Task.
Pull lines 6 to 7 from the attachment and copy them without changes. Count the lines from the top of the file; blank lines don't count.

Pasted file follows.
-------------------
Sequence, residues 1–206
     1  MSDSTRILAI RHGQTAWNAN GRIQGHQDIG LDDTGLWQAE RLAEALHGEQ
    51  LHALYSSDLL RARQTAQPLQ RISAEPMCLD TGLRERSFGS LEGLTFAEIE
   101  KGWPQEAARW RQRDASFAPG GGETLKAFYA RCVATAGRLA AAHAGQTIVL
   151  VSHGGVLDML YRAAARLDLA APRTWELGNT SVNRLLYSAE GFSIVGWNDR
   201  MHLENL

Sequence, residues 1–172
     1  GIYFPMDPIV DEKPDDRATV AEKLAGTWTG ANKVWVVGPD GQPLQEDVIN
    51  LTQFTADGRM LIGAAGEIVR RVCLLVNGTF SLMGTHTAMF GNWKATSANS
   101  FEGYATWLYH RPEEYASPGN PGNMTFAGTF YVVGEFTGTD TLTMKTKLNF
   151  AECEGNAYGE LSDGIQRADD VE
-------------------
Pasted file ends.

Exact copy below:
   201  MHLENL

Sequence, residues 1–172